Kate Maver

January 6th, 2009

The only thing LGBT people have to do is walk out the door of the church. Once you walk out the door of the church, hardly anybody cares if you’re LGBT. No more angst. No more hand-wringing. No more pointless arguments with religious pinheads. Try it. It’s really freeing.

Timothy Kincaid

January 6th, 2009

Why on earth would LGBT people want to walk out the door of the Episcopal Church when that church is risking schism and conflict just so that they can proclaim that LGBT people are an equal part of the family of God? That doesn’t sound very freeing to me; it sounds ridiculous.

Richard W. Fitch

January 6th, 2009

Thank goodness, the likelihood of Akinola being Archbishop of Canterbury is a moot point. Unless the Church of England is disestablished, the reigning monarch appoints the ++Bishop. It is more likely that Akinola will become the head or high high ranking official in the breakaway provinces. I have no respect for the man — NONE!! He and his ilk have shunned our Presiding Bishop at the world conferences over the past 4 years, partly because of her being a woman and partly because she is American. Akinola supports the efforts of Nigeria to make homosexuality a capital crime and even to prosecute/persecute those who associate with others suspected of being part of the LGBT community.

Jonathan Justice

January 6th, 2009

While it is good to see that Justice Chin and the rest of the California Supremes do grasp the contractual character of congregational engagement in a connectional denomination, there does remain the question of whether the property ownership resides with the denomination or the diocese. The argument is made that dioceses like San Juaquin will get to keep the assets of churches in their jurisdiction even as the larger church moves to provide assistance to congregations that wish to remain with the ECUSA.

As a Presbyterian, I find it more than a little ironic that religious rightists have put so much energy into trying to precipitate a program of judicial activism that would impose a Procrustean bed of totally congregationalist polity on just about all of the hilariously various American churches. I have to suppose that the consideration that we are talking about California here does spice this up a little, but it does take some serious denialism for a bunch of Episcopalians to stomp around pretending that they do not understand their polity as connectional with regards to property.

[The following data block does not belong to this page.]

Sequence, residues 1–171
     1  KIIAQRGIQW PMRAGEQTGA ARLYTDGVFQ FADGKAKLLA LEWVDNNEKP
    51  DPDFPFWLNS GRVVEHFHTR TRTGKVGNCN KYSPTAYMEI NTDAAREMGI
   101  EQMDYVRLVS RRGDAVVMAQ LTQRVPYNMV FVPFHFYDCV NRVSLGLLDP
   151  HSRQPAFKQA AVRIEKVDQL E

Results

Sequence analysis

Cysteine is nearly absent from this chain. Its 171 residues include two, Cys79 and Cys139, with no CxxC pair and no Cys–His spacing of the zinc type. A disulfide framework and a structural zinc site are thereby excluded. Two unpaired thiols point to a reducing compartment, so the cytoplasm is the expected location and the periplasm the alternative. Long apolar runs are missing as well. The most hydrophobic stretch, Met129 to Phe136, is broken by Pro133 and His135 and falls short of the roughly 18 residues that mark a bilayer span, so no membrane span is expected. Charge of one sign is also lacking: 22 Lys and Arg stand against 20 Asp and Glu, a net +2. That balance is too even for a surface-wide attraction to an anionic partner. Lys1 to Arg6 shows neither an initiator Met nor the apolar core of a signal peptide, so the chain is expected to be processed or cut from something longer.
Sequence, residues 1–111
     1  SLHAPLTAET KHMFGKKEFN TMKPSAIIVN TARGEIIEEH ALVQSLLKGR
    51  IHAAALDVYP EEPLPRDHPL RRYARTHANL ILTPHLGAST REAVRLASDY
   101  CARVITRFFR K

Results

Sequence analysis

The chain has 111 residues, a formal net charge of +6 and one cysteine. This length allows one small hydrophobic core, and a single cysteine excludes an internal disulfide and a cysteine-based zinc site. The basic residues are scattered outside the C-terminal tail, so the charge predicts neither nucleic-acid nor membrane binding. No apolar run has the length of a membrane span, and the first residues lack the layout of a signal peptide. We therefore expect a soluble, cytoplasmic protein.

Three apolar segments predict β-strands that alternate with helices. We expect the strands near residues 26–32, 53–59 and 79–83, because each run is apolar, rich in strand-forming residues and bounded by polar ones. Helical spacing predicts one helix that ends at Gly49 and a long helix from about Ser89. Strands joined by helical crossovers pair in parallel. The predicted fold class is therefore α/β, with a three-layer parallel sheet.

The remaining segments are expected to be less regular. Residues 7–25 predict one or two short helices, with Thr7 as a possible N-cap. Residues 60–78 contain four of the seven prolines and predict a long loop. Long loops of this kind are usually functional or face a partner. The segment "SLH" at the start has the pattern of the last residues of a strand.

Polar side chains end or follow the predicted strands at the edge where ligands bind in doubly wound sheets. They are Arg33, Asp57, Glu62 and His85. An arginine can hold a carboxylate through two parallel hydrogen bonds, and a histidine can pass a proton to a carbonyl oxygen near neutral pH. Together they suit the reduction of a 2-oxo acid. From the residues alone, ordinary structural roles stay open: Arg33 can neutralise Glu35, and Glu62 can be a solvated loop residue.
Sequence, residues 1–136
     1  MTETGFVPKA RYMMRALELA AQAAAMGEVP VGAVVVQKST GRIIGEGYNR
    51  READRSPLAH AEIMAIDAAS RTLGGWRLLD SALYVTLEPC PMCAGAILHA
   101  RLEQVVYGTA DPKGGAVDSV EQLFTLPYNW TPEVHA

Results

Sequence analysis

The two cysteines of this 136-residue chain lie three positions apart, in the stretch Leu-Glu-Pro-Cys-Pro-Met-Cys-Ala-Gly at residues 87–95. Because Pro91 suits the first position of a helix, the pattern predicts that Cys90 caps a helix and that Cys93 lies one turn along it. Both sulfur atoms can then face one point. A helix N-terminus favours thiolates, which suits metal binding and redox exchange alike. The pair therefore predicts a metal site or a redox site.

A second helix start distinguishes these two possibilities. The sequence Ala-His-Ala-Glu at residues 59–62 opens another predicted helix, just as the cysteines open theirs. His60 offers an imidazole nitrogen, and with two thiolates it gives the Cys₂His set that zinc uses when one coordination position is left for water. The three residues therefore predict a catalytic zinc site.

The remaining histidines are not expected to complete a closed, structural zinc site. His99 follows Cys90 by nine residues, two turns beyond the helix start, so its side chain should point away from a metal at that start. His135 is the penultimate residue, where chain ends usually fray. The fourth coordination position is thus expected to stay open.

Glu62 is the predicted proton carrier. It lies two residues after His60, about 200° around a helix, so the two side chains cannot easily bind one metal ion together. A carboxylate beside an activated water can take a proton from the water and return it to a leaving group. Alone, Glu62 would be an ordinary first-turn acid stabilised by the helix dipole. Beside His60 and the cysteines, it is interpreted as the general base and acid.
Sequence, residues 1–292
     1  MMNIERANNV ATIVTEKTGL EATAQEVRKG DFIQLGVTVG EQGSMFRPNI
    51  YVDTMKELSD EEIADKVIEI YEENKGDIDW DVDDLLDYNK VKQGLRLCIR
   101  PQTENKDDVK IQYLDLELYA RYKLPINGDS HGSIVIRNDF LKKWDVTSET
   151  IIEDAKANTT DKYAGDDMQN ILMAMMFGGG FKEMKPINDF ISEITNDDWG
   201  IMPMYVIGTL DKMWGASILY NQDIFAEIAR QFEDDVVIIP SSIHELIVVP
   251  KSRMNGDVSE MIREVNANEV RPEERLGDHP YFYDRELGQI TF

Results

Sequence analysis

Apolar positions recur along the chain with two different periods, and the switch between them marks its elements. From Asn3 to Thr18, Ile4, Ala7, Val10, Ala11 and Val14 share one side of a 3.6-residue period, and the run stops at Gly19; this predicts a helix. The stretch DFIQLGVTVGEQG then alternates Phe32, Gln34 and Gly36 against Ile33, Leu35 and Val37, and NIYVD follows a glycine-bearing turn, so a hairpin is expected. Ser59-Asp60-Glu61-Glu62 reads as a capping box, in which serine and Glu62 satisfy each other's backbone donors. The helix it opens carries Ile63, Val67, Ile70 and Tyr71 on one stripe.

January 6th, 2009

It will be interesting to see how this decision plays when the Virginia cases ‘finally’ make it to the Supreme Court.

(VA has a statute that permits a secular judge — rather than church body — to decide when a church has “split”, and the assets are then broken away by formula. ECUSA, and other churches, have argued strongly that any such law unconstitutionally infringes on a religious organisations ability to govern its own internal affairs. The California decision has confirmed that the ECUSA has its own way of doing things, as is their right, and is in direct conflict with recent Virginia judgements.)

Personally, if somewhat flippantly, I can’t but help connect the phrases “transfer of assets to a Nigerian Archbishop” and “419 scam” in my own mind.

Blame all those “My Dear and Esteemed Friend!!!” emails we’ve been receiving…

Wilburn Fessenden

January 8th, 2009

Kate, I walked out of ECUSA years ago, and yes, it was very freeing. It continues to be a freeing experience. I would that all gays boycott anti-gay congregations of every color. I am willing to bet when 95% or church musicians and at least 50% of the clergy are no longer involved, there would be some miraculous divine intervention saying it is perfectly OK to gay after all. Money talks. I say let churches who want to segregate and hate be by themselves. Good riddance.

Timothy (TRiG)

January 23rd, 2009

Wilburn Fessenden: “I would that all gays boycott anti-gay congregations of every color.”

I disagree. Strongly.

If you believe what the church teaches, you should stay there. And, while you’re there, you should play by the rules. If that means no sex, then so be it.

If you don’t believe what the church teaches, then get out. Now. Not as a boycott or any other form of protest, but merely because you shouldn’t be pretending to believe something you don’t. It’s not honest and it’s not good for you.

If you’re questioning, then continue to do so. It’s good for you.

And if you half-believe what the church teaches, then find a church you agree with more, or perhaps try to reform from within. But boycotts are just silly in religious contexts.


Kate Maver

January 27th, 2009

I’m not talking about a boycott. I’m talking about, for the sake of your own mental health, getting out. Staying in is just masochistic. But if putting up with abuse somehow makes you feel like you’re nailed up there on the cross with Jesus, by all means, go ahead and let them nail you.